As shown in FIG. 1, a typical composite wingbox 100 designed for assembly without fasteners includes a plurality of longitudinal spars 102 with transverse ribs 104 interspersed along the run of the spars. The ribs 104 and spars 102 are joined at rib-spar web lap joints 106, which are schematically illustrated in FIG. 2. Each lap joint involves a tab 108 fabricated into the web of the spar and a tongue 110 at the end of the rib web. The cap of the rib is cut back at each joint so that the rib web can slide between the spar caps.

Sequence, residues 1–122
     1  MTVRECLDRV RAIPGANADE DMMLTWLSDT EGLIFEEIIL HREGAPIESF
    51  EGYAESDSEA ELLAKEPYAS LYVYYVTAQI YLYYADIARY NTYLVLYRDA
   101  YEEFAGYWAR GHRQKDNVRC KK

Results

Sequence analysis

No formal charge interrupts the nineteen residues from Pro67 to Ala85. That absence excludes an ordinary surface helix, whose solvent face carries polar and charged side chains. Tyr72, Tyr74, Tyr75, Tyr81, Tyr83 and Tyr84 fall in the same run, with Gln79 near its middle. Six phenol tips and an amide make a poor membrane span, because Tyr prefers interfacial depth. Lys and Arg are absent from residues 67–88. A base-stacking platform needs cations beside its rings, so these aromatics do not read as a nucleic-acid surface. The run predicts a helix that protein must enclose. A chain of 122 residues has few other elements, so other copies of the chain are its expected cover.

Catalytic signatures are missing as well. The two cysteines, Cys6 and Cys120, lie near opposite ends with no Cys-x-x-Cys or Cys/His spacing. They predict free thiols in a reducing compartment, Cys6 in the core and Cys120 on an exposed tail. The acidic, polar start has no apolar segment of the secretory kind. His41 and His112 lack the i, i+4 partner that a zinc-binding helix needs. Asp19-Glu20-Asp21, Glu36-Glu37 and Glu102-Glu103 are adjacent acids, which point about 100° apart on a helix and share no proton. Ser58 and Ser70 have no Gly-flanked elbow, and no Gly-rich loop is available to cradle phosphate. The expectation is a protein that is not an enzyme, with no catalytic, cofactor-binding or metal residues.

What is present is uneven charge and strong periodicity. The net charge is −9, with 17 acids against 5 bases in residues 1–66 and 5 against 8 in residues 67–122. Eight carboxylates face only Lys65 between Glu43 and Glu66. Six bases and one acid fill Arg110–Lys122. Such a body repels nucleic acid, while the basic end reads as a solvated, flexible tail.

The overlap between the tab and tongue defines the bondline where we position a multistrip susceptor 112 to form a weld or adhesive bond between the spar and rib webs by applying a suitable voltage across the bondline. The multistrip susceptor 112 includes a metal foil of the type shown in FIG. 3. The foil includes two or more parallel strips 114 that extend the full length of the strip. The foil is usually about 0.007 in thick and each strip is about 0.10-0.20 in wide. The strips are separated by gaps of comparable width or slightly wider dimension which we etch or ablate from a solid foil. Along the length of the susceptor, we periodically use transverse spacer strips 116 to retain the carrier strips 114 apart.